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The Effectiveness of Taxes in Decreasing Candy Purchases

The Effectiveness of Taxes in Decreasing Candy Purchases

Friday, October 8th, 2019 at 1:00 pm
Byrd Center For Legislative Studies Auditorium

We use candy purchase data at the household level to analyze changes in candy consumption due to Colorado’s candy tax. Colorado is one of the many states that exempts candy containing flour from their candy tax. To do this, we construct a dataset of monthly household taxed and tax-exempt candy purchases for the years 2009 and 2010 for the Denver, CO and Omaha, NE metros. Difference-in-differences estimates imply that Colorado’s candy tax led to a decrease in taxed candy purchases of at least 11.2%, which would translate into a reduction of household bodyweight of at least one pound. Conversely, we find no effect on the purchase of tax-exempt candy.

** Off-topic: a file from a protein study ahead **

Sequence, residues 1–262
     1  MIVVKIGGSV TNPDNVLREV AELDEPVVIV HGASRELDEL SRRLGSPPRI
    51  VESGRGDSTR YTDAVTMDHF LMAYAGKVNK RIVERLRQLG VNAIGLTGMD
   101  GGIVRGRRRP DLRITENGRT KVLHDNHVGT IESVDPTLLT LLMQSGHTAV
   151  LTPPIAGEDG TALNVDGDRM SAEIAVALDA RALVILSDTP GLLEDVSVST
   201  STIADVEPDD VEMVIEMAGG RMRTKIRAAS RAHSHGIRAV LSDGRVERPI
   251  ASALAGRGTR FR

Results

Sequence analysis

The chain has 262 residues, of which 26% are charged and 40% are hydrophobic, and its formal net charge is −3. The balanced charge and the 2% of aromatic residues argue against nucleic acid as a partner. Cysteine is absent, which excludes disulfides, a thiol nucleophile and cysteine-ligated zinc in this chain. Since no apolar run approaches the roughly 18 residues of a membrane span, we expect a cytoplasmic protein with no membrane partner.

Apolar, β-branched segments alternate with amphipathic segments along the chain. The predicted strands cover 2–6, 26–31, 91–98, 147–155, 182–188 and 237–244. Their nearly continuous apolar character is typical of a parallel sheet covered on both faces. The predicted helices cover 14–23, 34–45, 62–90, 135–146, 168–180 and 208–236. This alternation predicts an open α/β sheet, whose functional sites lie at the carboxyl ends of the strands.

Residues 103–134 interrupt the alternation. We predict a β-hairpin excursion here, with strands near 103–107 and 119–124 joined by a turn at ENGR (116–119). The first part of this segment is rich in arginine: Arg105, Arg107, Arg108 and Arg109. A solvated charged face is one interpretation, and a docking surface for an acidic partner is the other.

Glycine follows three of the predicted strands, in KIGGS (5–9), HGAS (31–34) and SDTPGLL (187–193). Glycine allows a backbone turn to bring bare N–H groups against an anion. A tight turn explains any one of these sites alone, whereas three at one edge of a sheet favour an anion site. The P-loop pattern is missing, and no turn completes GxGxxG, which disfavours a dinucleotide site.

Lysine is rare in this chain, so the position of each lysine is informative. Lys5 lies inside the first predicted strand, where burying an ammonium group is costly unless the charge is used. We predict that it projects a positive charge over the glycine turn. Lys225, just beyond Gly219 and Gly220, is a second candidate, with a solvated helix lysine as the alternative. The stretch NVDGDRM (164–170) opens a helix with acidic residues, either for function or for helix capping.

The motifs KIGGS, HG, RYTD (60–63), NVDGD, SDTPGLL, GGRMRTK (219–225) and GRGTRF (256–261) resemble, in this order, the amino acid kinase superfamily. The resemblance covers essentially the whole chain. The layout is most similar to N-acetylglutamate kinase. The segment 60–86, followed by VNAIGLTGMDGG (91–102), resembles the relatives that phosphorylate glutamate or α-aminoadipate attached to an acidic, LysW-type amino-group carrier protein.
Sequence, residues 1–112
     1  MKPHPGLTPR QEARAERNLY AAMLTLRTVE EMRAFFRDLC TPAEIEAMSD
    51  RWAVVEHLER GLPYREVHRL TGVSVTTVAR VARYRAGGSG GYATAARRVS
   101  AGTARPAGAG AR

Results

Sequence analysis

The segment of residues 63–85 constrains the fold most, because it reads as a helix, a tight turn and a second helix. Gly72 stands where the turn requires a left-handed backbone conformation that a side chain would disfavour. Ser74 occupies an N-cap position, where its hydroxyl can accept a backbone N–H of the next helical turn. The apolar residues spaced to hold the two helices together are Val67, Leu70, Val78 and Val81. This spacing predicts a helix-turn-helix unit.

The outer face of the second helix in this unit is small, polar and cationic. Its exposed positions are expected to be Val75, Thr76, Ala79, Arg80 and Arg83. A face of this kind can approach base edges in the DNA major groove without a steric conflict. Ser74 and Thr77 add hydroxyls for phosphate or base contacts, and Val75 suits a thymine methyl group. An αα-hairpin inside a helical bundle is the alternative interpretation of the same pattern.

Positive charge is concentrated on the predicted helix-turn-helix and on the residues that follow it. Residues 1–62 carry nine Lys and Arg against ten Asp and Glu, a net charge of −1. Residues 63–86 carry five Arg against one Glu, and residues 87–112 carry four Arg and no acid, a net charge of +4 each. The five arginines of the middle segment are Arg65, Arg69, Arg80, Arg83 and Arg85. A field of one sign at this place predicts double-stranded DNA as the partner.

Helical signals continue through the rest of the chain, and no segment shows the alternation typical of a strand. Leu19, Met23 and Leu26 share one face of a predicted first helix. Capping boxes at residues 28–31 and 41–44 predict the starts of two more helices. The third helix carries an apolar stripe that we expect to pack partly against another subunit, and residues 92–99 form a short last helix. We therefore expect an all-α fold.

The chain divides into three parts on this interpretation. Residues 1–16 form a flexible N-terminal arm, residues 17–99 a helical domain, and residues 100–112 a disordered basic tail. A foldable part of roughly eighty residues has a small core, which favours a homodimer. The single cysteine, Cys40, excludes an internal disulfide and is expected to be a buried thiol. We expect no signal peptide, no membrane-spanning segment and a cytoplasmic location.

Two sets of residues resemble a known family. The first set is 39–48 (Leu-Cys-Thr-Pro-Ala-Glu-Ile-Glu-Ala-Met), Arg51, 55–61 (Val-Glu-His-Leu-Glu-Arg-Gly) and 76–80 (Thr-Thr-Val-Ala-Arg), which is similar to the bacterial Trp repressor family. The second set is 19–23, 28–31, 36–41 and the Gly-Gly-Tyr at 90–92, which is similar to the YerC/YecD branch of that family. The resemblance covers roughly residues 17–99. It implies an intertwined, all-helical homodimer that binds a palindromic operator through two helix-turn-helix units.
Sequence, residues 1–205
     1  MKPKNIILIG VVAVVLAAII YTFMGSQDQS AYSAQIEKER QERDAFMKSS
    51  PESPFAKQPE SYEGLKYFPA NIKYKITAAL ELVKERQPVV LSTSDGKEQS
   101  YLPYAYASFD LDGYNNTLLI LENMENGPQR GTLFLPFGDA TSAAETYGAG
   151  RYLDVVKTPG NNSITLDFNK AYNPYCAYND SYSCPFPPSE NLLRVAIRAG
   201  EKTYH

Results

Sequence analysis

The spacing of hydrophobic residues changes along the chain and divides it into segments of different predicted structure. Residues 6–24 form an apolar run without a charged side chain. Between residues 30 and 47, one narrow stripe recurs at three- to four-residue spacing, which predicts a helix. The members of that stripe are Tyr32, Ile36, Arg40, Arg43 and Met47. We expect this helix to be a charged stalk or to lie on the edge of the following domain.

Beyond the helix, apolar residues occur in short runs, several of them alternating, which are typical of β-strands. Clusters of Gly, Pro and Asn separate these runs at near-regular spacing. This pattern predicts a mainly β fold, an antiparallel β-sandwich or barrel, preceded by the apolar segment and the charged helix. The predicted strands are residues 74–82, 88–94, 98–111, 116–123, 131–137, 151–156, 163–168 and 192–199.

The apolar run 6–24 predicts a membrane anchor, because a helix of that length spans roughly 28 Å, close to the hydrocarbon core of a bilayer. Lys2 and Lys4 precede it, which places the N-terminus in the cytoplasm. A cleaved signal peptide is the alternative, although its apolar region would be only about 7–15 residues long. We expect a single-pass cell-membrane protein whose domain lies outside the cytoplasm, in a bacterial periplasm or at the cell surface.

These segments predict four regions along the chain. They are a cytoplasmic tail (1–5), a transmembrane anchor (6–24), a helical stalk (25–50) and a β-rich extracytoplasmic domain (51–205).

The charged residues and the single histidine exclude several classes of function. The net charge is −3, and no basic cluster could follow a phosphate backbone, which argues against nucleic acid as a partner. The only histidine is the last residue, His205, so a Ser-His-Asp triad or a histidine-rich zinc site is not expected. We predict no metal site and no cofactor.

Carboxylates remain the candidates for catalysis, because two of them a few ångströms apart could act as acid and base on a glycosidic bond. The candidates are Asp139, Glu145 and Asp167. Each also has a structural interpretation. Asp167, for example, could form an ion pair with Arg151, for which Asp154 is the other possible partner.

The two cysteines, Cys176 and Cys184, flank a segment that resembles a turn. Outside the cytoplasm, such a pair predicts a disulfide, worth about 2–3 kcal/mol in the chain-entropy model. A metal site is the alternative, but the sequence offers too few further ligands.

Kyle Hoy is an Assistant Professor of Economics at Shepherd University. He received his PhD in Agricultural, Environmental and Regional Economics from Penn State and his BA in Economics from Lebanon Valley College. His research interests primarily lie in the areas of energy and environmental economics and policy analysis, with current research projects focusing on the shale boom.